The race toward the legalization of marijuana has set off another inevitable race: one to be first on the market with a handheld breathalyzer for pot. Reuters reports that Canadian company Cannabix will be the likely winner, given that it has a prototype device now being tested that can detect the presence of THC, the active ingredient in marijuana. Another contender is Lifeloc, based in Colorado, whose chief executive cautions that the first versions of these devices will be relatively primitive. "I think the first breathalyzer on the market will be a simple 'yes' or 'no' for the presence of THC at the time of the test, and in that sense it won't provide a quantitative evidential measure," says Barry Knott. In other words, the devices will be able to tell a police officer if you've got marijuana in your system, but not if you're actually impaired.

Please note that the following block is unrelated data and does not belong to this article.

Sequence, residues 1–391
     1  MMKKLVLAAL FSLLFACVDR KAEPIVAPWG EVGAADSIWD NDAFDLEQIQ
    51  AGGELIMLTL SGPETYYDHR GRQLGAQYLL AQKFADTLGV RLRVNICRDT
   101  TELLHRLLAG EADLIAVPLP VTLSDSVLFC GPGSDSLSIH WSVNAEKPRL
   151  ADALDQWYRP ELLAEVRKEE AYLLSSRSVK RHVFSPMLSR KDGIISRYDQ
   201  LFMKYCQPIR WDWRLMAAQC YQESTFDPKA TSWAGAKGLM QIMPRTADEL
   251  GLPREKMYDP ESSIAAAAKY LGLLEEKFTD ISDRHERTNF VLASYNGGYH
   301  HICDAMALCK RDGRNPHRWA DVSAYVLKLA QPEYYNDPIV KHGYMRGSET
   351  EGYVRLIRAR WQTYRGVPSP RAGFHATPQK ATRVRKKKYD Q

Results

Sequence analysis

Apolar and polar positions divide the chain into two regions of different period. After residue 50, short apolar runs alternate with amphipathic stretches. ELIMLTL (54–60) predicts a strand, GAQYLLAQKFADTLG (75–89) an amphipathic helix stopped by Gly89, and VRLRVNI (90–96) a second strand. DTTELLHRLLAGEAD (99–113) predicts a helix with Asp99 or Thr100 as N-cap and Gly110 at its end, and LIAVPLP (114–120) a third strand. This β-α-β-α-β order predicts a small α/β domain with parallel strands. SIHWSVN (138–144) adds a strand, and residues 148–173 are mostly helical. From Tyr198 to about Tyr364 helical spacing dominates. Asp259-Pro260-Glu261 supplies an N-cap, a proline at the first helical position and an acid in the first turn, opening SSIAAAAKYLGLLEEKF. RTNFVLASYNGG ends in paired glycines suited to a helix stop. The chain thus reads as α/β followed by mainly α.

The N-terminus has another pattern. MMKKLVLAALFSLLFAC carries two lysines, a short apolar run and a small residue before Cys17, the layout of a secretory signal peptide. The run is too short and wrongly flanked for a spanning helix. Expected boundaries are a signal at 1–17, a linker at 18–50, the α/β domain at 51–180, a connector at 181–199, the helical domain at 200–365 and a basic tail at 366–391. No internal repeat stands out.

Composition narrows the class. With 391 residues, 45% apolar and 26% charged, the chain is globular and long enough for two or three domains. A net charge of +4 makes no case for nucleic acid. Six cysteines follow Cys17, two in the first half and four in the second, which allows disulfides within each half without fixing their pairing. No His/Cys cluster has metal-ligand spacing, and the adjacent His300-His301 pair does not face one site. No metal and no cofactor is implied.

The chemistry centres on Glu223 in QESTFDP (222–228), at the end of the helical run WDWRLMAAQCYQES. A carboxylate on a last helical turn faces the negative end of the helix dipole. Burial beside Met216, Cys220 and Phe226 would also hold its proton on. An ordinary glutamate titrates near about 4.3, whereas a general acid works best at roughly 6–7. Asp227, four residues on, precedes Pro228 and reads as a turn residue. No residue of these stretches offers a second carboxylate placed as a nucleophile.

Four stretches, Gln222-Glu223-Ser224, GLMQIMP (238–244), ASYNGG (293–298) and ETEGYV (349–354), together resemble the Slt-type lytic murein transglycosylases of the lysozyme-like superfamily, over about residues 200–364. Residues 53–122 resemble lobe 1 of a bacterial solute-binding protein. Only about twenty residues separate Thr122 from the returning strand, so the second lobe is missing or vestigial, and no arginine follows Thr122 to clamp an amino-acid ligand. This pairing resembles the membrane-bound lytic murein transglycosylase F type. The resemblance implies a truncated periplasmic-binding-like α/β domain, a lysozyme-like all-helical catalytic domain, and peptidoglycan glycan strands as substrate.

Medical Daily notes that "not enough is known yet about exactly how much is needed to impair driving abilities," and thus there's much confusion and inconsistency among states trying to impose such laws. (Washington and Montana, for instance, have set a 5 nanograms/milliliter limit for drivers; in other states, the limit is zero.) Engadget echoes that, predicting that "until both the science and policy surrounding cannabis advance beyond their present states, don't expect these devices to be entered into evidence in your DUI case anytime soon." Still, the market is clearly there: Lifeloc, for example, thinks it will be able to sell its first models for about $3,000, about 10 times the price of its alcohol breathalyzers. The companies declined to say when their products might be ready for market. (Also, it seems that marijuana can help heal broken bones.)